An eyebrow twitch here, a tiny jerk of his pupils there. His movements were small, but telling. And when he was truly spaced out, when their questions would yield not even the faintest twitch from him, a gentle tap on his arm seemed to pull him back to reality.

Tutoring Fenton could be difficult—some days it felt like nothing they said was committing to his fleeting memory—but it wasn’t impossible. Because under that dense fog clouding his mind was still the annoying, snarky teen they had grown up with.

And some days, they could still see glimpses of that snarky teen in him.

“Yeah so the coach is having us an extra gym routine tomorrow,” Dash said, closing his notebook and leaning back in his chair. “So I’ll probably be a half hour late picking you up. Sound good?”

Fenton didn’t respond.

Not that Dash was expecting him to.

“I hear we’re gonna have a wall-sit contest,” Kwan said. “Dale crushed us all last time, but I’ll have my revenge this time around!”

Fenton’s eyes flickered up to Dash. He tapped his thigh, the corner of his lips twitching up.


Fenton paused, seemingly mulling something over, before loosely pointing to Dash’s legs with a subtle smirk.

Dash sat up, realization dawning on him. “Are you…are you calling my legs weak?”

Judging by the ghost of an impish grin on Fenton’s features, Dash was right.

“Really? You too?”

Fenton grinned and tapped his legs again.

“Oh, like you’re one to talk!” Dash crossed his arms. “I could kick your scrawny ass to next year if I wanted to!”

Fenton raised his brows ever so slightly.

“What, you think just because you’re Phantom that means you’re stronger than me?” Dash jammed his thumb to his chest. “Don’t forget who your gym buddy was Freshman year! Once those inhibitors come off, it’s you and me at the gym! I’d like to see you try to keep up with me, Fenton!”

Dash heard a snort from the other side of the table. His head whipped around to see Kwan with his hands cupping his mouth.

“What are you laughing at?”

With that, Kwan bursted out laughing and leaned back in his chair. “Dude!” He exclaimed, seemingly catching a breath. “You really think you can bench more than Phantom? Oh my god—I can’t breathe—that’s the funniest fucking thing!”

“Hey, have my back here!” Dash snapped. He glanced over to Danny, whose face had broken out into a full grin. “Yeah, laugh it up why don’t you!”

Danny just tapped his legs as a response.

Kwan roared in laughter and all but fell off of his chair.

“Oh, shut up!”


“We want in,” a voice said from above him.

Dash stuffed his notebook into his backpack, not even bothering to glance up at the speaker. “What are you talking about?”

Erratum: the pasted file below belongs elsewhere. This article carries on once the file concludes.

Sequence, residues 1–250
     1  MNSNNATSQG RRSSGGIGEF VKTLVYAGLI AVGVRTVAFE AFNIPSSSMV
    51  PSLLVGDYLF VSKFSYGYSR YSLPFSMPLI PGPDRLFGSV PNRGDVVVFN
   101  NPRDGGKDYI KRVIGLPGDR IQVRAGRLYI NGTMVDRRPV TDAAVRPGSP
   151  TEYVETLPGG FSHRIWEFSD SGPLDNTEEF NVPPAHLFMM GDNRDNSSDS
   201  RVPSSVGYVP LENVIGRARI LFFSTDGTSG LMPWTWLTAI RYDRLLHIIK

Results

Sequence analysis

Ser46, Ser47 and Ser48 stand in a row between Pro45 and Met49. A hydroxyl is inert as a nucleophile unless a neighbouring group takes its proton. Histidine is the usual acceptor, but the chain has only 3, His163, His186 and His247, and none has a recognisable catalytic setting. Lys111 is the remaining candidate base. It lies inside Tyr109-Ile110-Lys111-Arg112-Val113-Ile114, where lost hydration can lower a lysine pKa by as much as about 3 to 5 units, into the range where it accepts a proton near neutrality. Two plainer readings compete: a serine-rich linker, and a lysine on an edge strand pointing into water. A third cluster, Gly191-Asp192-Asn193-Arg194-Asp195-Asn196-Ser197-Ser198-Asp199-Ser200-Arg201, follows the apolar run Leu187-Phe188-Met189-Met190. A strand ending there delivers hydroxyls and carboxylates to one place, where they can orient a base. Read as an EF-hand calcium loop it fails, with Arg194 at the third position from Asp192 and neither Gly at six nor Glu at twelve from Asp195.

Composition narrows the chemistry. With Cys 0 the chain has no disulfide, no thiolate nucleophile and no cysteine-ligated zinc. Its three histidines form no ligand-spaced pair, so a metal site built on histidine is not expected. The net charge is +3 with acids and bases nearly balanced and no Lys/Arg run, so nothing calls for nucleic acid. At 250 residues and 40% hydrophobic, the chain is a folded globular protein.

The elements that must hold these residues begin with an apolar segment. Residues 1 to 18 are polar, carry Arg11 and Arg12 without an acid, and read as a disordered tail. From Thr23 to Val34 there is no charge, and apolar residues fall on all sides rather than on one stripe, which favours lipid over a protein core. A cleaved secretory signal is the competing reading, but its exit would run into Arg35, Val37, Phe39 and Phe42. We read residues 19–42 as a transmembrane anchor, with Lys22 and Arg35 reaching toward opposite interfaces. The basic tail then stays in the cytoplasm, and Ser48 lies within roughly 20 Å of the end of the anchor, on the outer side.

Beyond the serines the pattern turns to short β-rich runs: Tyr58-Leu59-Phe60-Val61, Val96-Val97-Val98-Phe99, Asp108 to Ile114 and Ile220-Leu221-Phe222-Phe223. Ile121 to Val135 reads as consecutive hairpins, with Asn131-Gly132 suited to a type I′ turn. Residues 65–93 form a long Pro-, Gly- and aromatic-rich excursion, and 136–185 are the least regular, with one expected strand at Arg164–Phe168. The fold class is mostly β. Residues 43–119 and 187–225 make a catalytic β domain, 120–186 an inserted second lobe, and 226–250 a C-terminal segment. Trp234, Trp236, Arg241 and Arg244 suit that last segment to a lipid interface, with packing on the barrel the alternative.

“We know you’ve been doing homework with Danny after school, and we want to join.”

Dash sighed and threw his bag over his shoulder. He stood, facing Manson in all her glory. Though her outfit didn’t scream quite as goth as it had when they were Freshmen, she still had the same self-righteous stance that had always irritated Dash.

“Okay?” Dash responded. “And who is ‘we’?”

“Tucker and I. You know, Danny’s best friends? Have been since elementary school? The two people who have actually been there for him this whole time? Ring a bell?”

Dash rolled his eyes. “Yeah, I’m leaving. Study with him on your own time.”

He turned to walk away, but she grabbed his arm, pulling him back. “Wait. Sorry, just—” She paused, dropping her arm back to her side, and Dash watched as a myriad of emotions flickered through her expression. Her gaze dropped to the floor, and cracks of insecurity seeped through her features. “Sorry. Let me start over.”

He straightened back up. “I’m listening.”

She took a deep breath. When she started, her voice was quiet but steady. “I get why Lancer asked you and Kwan to work with him. I do, I get it. But Tucker and I are his best friends. And you know how he is right now. Those devices are...they’re messing with his head. I know they are.” Her gaze flickered up at Dash, and she looked scared. “It hurts seeing him like this, you know?”

“Yeah, I know,” Dash said. “But I don’t see what this has to do with our study sessions.”

“He just seems happier now since he started. He seems better.”

Dash blinked. Whatever he was expecting her to say, that definitely wasn’t it.

Manson hugged herself, her shoulders hunching. She looked...small. Fragile. As if the slightest breeze would topple her over. 

This wasn’t like her.

“Whatever you guys have been doing, it’s working. He’s getting better. I don’t know, he just seems more present now. hurts that I haven’t been there during this. You know, it’s been months since I’ve heard his voice. Not since before he got captured, since before those evil devices were forced on him. I know they’re preparing for a court case to get them removed, and I know there’s a chance he’ll get better again, but I just…”

“You miss him,” Dash said, surprising himself. 

“Yeah. I do.”

Dash sighed. “I don’t know how I can help with this.”

“Just give us a chance? Please. Just let us tag along, even if it’s only for a few days a week. We won’t interfere with the tutoring, we just want to be there.”

He stared at her silently, studying her face under her bangs. 

The past year had been hard on her, that much was obvious. And Dash, as unobservant and bullheaded as he was, could see the dark circles under her eyes, her blotchy skin, her chapped lips.

The way she stood there before him, a person who she would never have been caught dead being friendly with, defeated and all but begging for help.

Dash wasn’t selfless. He wasn’t altruistic.

He was just a dumb jock.

But in that moment, as he scrutinized the way her hands fidgeted and her lower lip wobbled, he couldn’t help but feel her sadness, her regret.

It was painful to watch.

“Okay.” He turned away. “We meet at Kwan’s at four. I’ll see you both there.”